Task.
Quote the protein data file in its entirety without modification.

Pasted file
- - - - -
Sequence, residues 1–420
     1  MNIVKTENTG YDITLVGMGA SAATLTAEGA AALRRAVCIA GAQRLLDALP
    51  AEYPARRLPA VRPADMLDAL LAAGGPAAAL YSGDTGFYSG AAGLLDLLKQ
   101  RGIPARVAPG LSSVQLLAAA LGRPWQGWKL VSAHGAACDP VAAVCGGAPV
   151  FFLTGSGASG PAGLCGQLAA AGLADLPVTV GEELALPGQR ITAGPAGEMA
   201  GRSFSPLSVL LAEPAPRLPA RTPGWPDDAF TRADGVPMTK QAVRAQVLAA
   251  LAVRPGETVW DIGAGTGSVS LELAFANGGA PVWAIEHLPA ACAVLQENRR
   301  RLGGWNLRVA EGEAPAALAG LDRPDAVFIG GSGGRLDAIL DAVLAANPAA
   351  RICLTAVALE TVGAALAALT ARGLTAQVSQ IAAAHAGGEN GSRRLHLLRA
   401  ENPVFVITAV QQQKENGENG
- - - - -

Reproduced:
Sequence, residues 1–420
     1  MNIVKTENTG YDITLVGMGA SAATLTAEGA AALRRAVCIA GAQRLLDALP
    51  AEYPARRLPA VRPADMLDAL LAAGGPAAAL YSGDTGFYSG AAGLLDLLKQ
   101  RGIPARVAPG LSSVQLLAAA LGRPWQGWKL VSAHGAACDP VAAVCGGAPV
   151  FFLTGSGASG PAGLCGQLAA AGLADLPVTV GEELALPGQR ITAGPAGEMA
   201  GRSFSPLSVL LAEPAPRLPA RTPGWPDDAF TRADGVPMTK QAVRAQVLAA
   251  LAVRPGETVW DIGAGTGSVS LELAFANGGA PVWAIEHLPA ACAVLQENRR
   301  RLGGWNLRVA EGEAPAALAG LDRPDAVFIG GSGGRLDAIL DAVLAANPAA
   351  RICLTAVALE TVGAALAALT ARGLTAQVSQ IAAAHAGGEN GSRRLHLLRA
   401  ENPVFVITAV QQQKENGENG